I am a newbie as far as investment decisions are concerned. I will put a more detailed question later. Right now, I need to declare my investments for this financial year in advance. I will certainly invest the entire Rs. 1 lac in some of the following -

  • Life Insurance Premium*
  • NSC / Accrued Interest / Postal Savings*
  • Public Provident Fund*
  • ULIP / Mutual Funds*
  • Pension Plan
  • Fixed Deposit for 5 years
  • Senior Citizen Saving Scheme 2004
  • Post Office Time Deposit Account and some more things not relevant to me...

Above are the options available where a maximum investment of Rs. 1 lac will be considered for tax deductions. Once, completely utilised this, a further Rs. 20000 can be invested in Infrastructure bonds.

Note - I have not yet decided what percentage exactly I will be investing in them. Regarding this I will ask a question later.

What I would like to know is whether infrastructure bonds would be a good choice, as compared to any of the above, considering my profile, as given below. If better, I may consider investing in them, instead of investing the complete Rs. 1 lac in the above.

About me
I am not sure how much of the following info is relevant here, but still -

  • I live in India. I am 24 and a Software Engineer, working since 3 years.
  • I am unmarried and have no dependents on my salary as such... I am the only son. My father has his pension and that has been so far enough for their general expenses (including my mother - a housewife). Currently I am not sending them any monthly sum for their expenses.
  • I don't have a habit of accounting my expenses, but over these last 3 years, since I got my first job, my annual salary has increased from around 1.2 lacs per annum to 7.5 lacs per annum (Cost to Company) and right now I have a balance of around Rs. 1 lac in my salary account. This is the same account I use to make investments (take money from). Hope that gives an idea about my expenses.
  • Over the last two years, I have invested on the following -

    Last year -

    Previous to last year -

    • National Savings Certificates - Around Rs. 30000
  • I would like to make sure I make the most out of the opportunities available to me, to grow my money, without taking bad paths :) ...


2 Answers 2


You can invest more that 20,000 in Infrastructure bonds, however the tax benefit is only on 20,000. Further the interest earned is taxable.

The best guaranteed post tax returns is on PPF. So invest a substantial sum in this. As your age group low you can afford to take risk and hence could also look at investing in ELSS [Mutual Fund].

A note on each of these investments:

LIC: If you have taken any of the endowment / Money Back plan, remember the returns are very low around 5-6%. It would make more sense to buy a pure term plan at fraction of the cost and invest the remaining premium into even PPF or FD that would give you more return.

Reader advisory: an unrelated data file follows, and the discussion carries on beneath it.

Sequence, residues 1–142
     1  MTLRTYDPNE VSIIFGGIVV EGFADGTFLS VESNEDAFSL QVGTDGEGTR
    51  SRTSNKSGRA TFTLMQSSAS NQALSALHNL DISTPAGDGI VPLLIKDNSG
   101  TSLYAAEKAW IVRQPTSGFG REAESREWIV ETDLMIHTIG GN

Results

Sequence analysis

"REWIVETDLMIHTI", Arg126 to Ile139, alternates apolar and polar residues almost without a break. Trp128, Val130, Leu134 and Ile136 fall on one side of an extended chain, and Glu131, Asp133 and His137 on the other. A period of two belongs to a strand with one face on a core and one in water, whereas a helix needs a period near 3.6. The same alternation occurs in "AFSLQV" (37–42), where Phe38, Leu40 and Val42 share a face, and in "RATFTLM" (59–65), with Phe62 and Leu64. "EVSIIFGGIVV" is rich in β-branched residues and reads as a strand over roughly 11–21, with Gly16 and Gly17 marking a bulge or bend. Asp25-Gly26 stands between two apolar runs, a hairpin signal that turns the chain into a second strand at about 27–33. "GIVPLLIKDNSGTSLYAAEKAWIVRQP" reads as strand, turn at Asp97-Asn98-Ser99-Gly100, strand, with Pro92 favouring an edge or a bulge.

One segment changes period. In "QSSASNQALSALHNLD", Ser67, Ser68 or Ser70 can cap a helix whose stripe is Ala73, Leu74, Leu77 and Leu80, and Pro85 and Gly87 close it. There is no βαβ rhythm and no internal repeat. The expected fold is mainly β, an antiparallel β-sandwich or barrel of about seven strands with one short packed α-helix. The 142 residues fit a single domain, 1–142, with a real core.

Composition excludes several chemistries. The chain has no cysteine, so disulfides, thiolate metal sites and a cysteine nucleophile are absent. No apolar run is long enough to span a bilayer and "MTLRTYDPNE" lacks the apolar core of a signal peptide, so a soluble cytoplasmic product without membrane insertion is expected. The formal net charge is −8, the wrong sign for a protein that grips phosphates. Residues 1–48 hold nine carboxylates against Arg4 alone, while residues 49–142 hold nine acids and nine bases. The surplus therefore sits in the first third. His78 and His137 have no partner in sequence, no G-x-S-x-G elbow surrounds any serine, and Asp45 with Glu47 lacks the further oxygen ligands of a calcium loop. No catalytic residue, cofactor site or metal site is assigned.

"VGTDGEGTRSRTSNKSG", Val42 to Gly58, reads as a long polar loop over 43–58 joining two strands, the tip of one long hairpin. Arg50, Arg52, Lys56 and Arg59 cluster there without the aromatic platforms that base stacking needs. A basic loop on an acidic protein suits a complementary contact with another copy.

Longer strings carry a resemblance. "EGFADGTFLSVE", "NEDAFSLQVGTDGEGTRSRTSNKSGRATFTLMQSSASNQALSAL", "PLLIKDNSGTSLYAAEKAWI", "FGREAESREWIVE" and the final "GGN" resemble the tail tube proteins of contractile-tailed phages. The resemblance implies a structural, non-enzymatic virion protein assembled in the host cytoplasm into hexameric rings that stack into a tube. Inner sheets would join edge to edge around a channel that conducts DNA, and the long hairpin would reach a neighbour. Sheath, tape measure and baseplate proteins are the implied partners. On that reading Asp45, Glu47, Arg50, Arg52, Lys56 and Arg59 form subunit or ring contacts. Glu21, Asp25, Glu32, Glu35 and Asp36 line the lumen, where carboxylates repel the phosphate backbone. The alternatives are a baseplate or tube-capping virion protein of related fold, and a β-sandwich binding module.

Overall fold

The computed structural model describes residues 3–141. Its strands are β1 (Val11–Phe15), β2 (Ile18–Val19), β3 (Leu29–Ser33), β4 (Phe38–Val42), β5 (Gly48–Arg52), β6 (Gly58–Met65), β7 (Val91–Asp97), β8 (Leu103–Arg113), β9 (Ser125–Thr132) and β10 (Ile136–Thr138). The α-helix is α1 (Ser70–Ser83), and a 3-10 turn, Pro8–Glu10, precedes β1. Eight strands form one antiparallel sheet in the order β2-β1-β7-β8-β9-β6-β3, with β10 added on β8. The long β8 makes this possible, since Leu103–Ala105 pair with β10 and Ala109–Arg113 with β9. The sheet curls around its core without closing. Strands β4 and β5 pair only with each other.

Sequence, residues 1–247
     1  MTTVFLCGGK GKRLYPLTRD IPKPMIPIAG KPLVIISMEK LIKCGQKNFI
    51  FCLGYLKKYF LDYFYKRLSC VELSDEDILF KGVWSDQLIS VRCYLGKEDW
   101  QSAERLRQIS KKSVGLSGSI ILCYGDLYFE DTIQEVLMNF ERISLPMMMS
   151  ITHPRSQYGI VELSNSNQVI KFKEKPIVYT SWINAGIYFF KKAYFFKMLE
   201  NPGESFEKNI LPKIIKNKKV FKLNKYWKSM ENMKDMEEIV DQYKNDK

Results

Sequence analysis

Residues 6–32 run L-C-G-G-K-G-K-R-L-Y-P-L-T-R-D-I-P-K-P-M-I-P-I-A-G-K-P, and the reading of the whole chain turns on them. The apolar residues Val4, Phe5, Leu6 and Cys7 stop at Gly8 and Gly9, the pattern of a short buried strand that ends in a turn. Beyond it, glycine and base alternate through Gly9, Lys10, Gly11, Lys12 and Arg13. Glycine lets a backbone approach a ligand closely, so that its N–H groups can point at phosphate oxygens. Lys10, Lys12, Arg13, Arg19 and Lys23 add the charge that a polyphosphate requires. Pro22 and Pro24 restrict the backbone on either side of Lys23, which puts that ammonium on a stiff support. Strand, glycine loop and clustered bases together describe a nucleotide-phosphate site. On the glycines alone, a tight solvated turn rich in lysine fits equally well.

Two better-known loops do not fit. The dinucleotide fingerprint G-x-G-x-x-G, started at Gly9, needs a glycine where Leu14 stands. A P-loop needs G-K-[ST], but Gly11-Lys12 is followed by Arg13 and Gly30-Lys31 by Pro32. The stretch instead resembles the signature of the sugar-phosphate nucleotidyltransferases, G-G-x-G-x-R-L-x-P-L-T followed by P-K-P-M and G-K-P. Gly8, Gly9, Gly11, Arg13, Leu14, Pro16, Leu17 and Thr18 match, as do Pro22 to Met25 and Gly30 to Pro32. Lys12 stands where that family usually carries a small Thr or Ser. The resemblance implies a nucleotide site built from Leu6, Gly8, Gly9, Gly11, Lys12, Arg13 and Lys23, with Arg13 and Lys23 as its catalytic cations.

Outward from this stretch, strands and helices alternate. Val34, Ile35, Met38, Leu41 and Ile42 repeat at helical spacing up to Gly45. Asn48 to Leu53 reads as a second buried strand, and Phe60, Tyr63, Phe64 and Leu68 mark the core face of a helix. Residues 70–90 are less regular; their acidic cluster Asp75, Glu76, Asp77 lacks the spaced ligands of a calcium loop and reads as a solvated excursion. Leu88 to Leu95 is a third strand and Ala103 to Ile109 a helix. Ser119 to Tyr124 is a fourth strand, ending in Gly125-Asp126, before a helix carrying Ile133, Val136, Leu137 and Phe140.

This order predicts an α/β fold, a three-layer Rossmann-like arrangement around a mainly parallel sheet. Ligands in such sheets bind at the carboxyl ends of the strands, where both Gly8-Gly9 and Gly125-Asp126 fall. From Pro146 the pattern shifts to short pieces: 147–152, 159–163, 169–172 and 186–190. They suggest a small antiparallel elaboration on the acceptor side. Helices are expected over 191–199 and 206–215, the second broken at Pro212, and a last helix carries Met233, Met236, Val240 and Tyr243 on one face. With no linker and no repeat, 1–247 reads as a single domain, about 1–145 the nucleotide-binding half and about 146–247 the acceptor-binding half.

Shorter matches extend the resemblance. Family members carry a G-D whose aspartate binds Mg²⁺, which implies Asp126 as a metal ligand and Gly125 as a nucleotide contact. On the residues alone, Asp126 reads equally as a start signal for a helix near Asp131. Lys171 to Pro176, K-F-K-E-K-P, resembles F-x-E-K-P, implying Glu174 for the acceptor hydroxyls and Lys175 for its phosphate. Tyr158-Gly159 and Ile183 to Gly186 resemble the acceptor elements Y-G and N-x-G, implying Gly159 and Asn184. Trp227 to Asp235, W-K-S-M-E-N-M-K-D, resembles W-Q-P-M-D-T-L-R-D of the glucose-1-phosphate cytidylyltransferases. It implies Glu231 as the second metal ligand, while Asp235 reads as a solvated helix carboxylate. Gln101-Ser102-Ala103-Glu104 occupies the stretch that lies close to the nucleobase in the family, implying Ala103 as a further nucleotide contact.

NSC/Postal Savings: They are a good option, however the interest is taxable. There is a locking of 6 years.

PPF: The locking is large 15 years although one can do partial withdrawals after 7 years. The interest is not taxable.

ULIP: These are market linked plans with Insurance and balance invested into markets. The charges for initial few years is quite high, plus the returns are not comparable to the normal Mutual Funds. Invest in this only if one needs less paper and doesn't want to track things separately.

ELSS/Mutual Fund: These offer good market returns, but there is a risk of market. As you are young you can afford to take the risk. Most of the ELSS have given average results that are still higher than FD or PPF.

Pension Plan: This is a good way to accumulate for retirement. Invest some small amount in this and do not take any insurance on it. Go for pure equity as you can still take the risk. This ensures that you have a kit for retirement. Check out the terms and conditions as to how you need to purchase annuity at the term end etc.


re life insurance

Multi-purpose vehicles generally don't work as well as just going with single purpose, well except for the person/company selling them. 'whole life' plans are a great deal for the insurance company and agent, not so much for you.

The easiest way to prove this to yourself is to get the difference in price between a simple 'term life' product that would be appropriate to provide for your family in the event you die. Then get the price for a 'whole life' product with the same benefits, and what it would be worth after say 20 or 30 years.

Take the difference you would have to pay, figure what it would be worth if invested conservatively over the same period, figuring in some conservative figure for compound growth such as 6 percent (what you could get from a good long term savings bond or index based mutual fund). The last time I did this, the pure value of the money alone, without ANY interest was within something like 80 % of the value of the whole life policy.. adding in even a conservative amount of interest turned it into a no brainer. the whole life plan was terrible as in investment vehicle. I was far far better off using term life and investing the difference.

  • 1
    Agreed - this is not the OP's main question, but I don't think I've ever seen a case where Whole Life insurance actually made sense. Even under the guise of "Tax Benefits" (at least for the jurisdictions I've seen), there are often alternatives that give similar benefits without locking you into such a specific product. Aug 18, 2016 at 14:12

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